Prof. Undley.-In The Gardeners' Chronicle

There are no doubt places in which all the skill of the planter will at first fail in getting trees to grow, but even in such cases he need not despair; the cause of his failure usually is, not that the soil is absolutely unfit to support vegetation of any kind, but that the circumstances being highly unfavorable, the plants are not able to get over that shock to their systems which they always suffer in ordinary transplanting. It is evident that plants which are moved with bare roots, as young trees are, must receive a far greater check than those which are moved with a ball of earth; and it is very often found that a little extra care in the planting is well repaid, because if the tree survive this check, and form fresh roots, it will generally get such a hold upon the soil, that it is then able to* grow up, and form a healthy tree. In planting the most barren and exposed situations then, particular care must be taken, and it appears in such cases to be well worth while to add some "improver" to the soil, thrown into the holes in which the trees are planted.

The quantity required is small, it's cost need not be great, and the labor of using it is a trifle, compared with the good effect produced by its application.

The effect which it is desired to produce is the formation of fresh roots, and any substance which will cause the plant to throw out a quantity of fibrous rootlets, will enable it to overcome the evil effects of its being transplanted. It appears that phosphoric acid possesses a very great and remarkable influence on the development of roots, causing plants to throw them out with unusual vigor; we do not know of any very satisfactory explanation of this phenomenon, either chemical or physiological, but of the fact itself there seems to be no doubt. The most convenient mode of employing this substance is in the aids greatly in the formation of root fibres, and consequently assists very much in establishing the plant in its new situation. Or, if scattered over the soil next the roots, before it is finally watered after planting, it is well distributed to the places where it is most required.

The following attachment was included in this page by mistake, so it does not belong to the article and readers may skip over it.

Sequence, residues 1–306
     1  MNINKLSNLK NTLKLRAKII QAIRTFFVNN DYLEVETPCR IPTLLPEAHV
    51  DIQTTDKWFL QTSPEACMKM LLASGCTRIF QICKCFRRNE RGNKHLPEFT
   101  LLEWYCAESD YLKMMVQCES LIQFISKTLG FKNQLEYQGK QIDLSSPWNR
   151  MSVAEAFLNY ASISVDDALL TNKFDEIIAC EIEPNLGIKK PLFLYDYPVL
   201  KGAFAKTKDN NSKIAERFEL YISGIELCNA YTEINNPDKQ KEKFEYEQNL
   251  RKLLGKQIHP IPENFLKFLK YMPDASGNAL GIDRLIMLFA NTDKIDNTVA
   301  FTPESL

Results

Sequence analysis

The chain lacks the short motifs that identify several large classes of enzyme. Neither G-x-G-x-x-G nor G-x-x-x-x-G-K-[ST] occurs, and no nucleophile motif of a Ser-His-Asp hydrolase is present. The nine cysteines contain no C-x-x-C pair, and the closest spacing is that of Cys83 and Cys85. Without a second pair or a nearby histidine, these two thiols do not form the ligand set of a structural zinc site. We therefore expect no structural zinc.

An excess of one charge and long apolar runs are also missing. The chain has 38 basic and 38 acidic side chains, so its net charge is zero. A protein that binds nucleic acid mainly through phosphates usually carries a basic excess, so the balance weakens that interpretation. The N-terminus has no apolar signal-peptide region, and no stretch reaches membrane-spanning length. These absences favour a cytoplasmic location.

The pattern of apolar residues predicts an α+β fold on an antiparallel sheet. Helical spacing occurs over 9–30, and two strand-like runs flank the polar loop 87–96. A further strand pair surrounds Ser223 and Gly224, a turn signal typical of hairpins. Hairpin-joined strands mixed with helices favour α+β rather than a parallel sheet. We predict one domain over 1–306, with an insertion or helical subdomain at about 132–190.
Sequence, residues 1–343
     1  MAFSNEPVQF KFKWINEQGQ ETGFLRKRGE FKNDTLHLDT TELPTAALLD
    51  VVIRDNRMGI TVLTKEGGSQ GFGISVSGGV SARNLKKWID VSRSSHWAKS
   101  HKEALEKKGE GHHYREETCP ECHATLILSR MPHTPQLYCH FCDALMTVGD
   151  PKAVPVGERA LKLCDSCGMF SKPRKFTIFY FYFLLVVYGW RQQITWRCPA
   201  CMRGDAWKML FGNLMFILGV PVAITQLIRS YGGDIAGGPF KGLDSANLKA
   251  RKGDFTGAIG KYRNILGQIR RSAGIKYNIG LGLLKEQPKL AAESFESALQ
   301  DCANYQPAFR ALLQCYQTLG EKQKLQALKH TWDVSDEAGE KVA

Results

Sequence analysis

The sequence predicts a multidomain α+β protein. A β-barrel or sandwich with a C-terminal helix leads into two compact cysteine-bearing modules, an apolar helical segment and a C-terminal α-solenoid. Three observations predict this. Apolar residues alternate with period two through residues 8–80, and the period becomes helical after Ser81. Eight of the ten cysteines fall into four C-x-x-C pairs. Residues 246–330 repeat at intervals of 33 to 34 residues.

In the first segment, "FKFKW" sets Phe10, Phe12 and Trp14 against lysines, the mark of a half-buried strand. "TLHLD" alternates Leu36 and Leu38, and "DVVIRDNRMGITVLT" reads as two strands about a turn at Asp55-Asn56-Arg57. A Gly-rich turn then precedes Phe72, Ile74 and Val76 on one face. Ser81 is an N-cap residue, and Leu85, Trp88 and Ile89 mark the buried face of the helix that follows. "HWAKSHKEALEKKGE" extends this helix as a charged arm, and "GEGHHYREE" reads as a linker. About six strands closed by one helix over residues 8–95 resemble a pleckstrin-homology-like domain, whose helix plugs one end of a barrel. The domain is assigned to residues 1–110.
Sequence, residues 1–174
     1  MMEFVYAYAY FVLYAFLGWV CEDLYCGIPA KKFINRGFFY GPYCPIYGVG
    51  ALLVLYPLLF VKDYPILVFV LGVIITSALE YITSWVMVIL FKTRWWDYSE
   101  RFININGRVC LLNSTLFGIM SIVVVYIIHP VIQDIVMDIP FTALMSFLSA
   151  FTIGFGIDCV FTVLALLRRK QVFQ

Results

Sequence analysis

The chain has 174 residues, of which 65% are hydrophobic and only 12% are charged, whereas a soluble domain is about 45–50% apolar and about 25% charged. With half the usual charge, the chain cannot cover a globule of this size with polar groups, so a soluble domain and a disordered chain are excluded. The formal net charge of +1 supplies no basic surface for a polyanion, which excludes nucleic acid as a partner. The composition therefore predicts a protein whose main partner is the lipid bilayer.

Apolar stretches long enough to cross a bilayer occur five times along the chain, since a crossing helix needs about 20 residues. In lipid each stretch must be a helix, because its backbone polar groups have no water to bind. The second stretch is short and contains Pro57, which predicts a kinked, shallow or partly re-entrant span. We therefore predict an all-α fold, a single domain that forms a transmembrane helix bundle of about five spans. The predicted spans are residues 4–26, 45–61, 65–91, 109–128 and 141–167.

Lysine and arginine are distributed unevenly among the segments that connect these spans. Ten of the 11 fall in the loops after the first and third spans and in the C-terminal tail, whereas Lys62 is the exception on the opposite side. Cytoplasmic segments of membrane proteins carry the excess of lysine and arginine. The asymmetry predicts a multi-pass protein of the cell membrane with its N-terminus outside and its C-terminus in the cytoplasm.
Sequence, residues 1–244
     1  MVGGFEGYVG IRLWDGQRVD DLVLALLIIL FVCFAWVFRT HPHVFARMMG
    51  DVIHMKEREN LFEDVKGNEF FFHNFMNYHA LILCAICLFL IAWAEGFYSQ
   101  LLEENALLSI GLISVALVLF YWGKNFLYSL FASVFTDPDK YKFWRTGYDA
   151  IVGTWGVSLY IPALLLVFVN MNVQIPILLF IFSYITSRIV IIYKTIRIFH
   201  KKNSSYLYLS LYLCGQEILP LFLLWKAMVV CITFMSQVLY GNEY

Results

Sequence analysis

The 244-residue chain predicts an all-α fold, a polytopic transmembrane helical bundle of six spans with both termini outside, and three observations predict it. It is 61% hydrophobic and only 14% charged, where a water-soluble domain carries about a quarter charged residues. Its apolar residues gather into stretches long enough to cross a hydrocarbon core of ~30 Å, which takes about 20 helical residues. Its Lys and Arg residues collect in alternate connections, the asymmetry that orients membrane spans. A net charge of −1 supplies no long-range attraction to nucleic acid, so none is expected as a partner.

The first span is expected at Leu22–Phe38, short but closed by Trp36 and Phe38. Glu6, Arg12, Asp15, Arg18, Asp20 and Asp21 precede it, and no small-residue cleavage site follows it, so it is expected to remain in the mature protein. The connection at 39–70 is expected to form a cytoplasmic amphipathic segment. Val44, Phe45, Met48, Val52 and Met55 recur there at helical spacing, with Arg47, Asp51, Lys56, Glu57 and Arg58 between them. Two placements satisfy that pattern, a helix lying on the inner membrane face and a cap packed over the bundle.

When a young tree has its roots thrust into such a hole as is made by a single cut of a spade, or even by two cross cuts, the roots are crowded together, and crushed into a small space; they are unfitted therefore to collect and absorb nourishment, at a time when the plant stands peculiarly in need of it. Not only is the freshly-planted tree able to obtain little food by means of its roots, in consequence of the mode in which it is planted, but the supply of nourishment is at the same time also diminished inconsequence of the change of soil. In all cases the soil of the nursery or seed plantations, having been repeatedly dug over, and more or less manured, is better suited to the growth of the young plants than the soil into which they are transplanted can possibly be. When a plant is moved from one soil to another its growth is always checked, and the first step which it makes towards repairing the evil thus caused, is the formation of fresh roots; by bad planting this is made as difficult, as possible to the plant.

It is hardly fair to compare together the growth of trees with that of the ordinary vegetables which are cultivated in our kitchen gardens; of course the conditions necessary to the growth of an annual, differ from those proper to the healthy development of a slow growing tree, which requires a long series of years to arrive at maturity; but even in the case of common garden crops, the same general effects to which we have just referred, may be observed. In almost every case where it is desirable to increase the development of roots, phosphoric acid is of the greatest value. When we wish to force young plants, to push them forward as fast as possible, so that their roots may get some hold upon the soil, the superphosphate of lime is one of the best manures we can employ. The mode in which that substance brings forward a crop of turneps is an illustration of this, and the remarkable way in which it assists the growth of the young plants, getting them rapidly into the rough leaf, and producing a more marked influence on their growth then, than it does at any subsequent period, appears to depend chiefly on the fact that it aids them in the formation and development of roots.

Superphosphate of lime is, therefore, a very valuable fertiliser in the hands of the planter, but in using it he must always remember, that as his plants must necessarily absorb the whole or the greater part of the soluble manure which he gives them, he must take care not to give too much, He must not suppose that if one handful will do good, therefore ten handfuls will do more: it is very easy to give too much, and plants, like animals, may equally be injured by over feeding or by starvation.